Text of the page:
What happens during ovarian aging?

The number of follicles in the ovary is limited and critical for assessing ovarian function. Women experience a gradual decline in the number and quality of ovarian follicles, a key component of ovarian aging.  At birth, females have approximately 1-2 million primordial follicles – dormant follicles that each contain an oocyte.

The number of primordial follicles continues to decline during the reproductive years until the critical threshold at menopause, leaving only about 1,000 follicles.

NMN improves follicle development of mid-aged mice

In the present study, Huang and colleagues investigated the effects of long-term NMN treatment on ovarian aging.  The Jiangsu University researchers tested the effect of NMN on the ovarian aging of 40-week-old mice, which correlates to 38-year-old women.  After 20 weeks of treatment with NMN, the number of follicles at several key phases — from the progression of several small primordial follicles into large preovulatory follicles and through corpus luteum — was elevated.  These findings indicate that NMN can maintain the ovarian reserve of middle-aged mice.

NMN administration enhances follicle development.  The number of primordial follicles and corpus luteums span the ovarian cycle at different ages in female mice.

NMN decreases senescence marker in ovaries of mid-aged mice

The p16 protein slows cell divisions and proliferation during the progression of senescence.  Recently, elevated p16 levels have been considered one of the indicators of ovarian aging.  The present study showed high levels of p16 in ovarian follicles at 60 weeks.  Huang and colleagues found that NMN diminished the levels of p16 in mouse ovaries.  The drop in the ovary’s levels of p16 suggests that NMN alleviates ovary tissue senescence and protects it during aging.

The Jiangsu University researchers then show that the improvement to ovarian senescence by NMN treatment is likely due to the upregulation of critical cellular processes.  For example, Huang and colleagues show increased mitochondria function and the recycling of cellular damage and debris (autophagy) in the ovaries of mid-aged mice exposed to long-term administration of NMN.  In addition, the protein balance and the antioxidant capacity of follicles were restored, thereby keeping follicles relatively young.

ovaries 3
ovaries 3

(Huang et al., 2021 | J Nutr Biochem.)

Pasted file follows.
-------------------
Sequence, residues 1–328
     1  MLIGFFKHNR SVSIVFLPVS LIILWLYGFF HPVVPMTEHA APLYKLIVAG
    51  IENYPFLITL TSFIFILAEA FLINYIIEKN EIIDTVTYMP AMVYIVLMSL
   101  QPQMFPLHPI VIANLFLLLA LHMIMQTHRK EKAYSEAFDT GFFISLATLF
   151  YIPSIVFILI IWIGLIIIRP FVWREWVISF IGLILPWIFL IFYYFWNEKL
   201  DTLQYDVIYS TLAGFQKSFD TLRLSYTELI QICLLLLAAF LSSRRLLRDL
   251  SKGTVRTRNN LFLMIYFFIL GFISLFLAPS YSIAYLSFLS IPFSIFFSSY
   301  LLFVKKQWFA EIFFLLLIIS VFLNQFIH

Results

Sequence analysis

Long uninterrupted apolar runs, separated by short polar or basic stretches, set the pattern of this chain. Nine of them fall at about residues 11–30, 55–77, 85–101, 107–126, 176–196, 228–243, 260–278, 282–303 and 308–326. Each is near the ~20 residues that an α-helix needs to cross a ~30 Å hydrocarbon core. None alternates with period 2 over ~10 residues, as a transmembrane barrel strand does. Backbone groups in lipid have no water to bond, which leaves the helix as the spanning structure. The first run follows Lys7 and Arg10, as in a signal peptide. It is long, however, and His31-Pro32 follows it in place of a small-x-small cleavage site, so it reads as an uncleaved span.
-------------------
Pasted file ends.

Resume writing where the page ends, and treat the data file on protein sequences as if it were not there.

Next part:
NMN administration decreases the levels of P16 protein.  The protein level of p16 increases with age, reaching a peak in the 60-week control (60WC) group.  Mice treated with NMN for 20 weeks beginning at 40 weeks of age (60WN) showed significantly decreased levels of p16.   

These results indicate that the ovarian status of mice in the 60WN group was relatively younger after NMN supplementation.

Can a supplement a day keep ovarian aging at bay?

The importance of issues related to ovarian aging has been increasing progressively over the past several decades since, increasingly, more couples in all developed countries choose to postpone parenthood to more advanced female ages.  This trend affects the likelihood of fertilization and conception, whether resulting from natural conception, conventional in vitro fertilization (IVF), or intracytoplasmic sperm injection (ICSI).

Since advanced male age seems to have little effect on the success rate for IVF/ICSI attempts using oocytes from young donors, much of the attention to improving the chances of parenthood has pointed to improving ovarian aging.  Though treatment options need to be fine-tuned to reflect each woman’s condition, it is possible that supplementing with NMN can go a long way for improving the chances to experience some of life’s most miraculous adventures: pregnancy, childbirth, and parenthood.

References

Huang P, Zhou Y, Tang W, Ren C, Jiang A, Wang X, Qian X, Zhou Z, Gong A. Long-term treatment of Nicotinamide mononucleotide improved Age-related Diminished Ovary Reserve through enhancing the mitophagy level of granuloas cells in mice. J Nutr Biochem. 2021 Nov 18:108911. doi: 10.1016/j.jnutbio.2021.108911.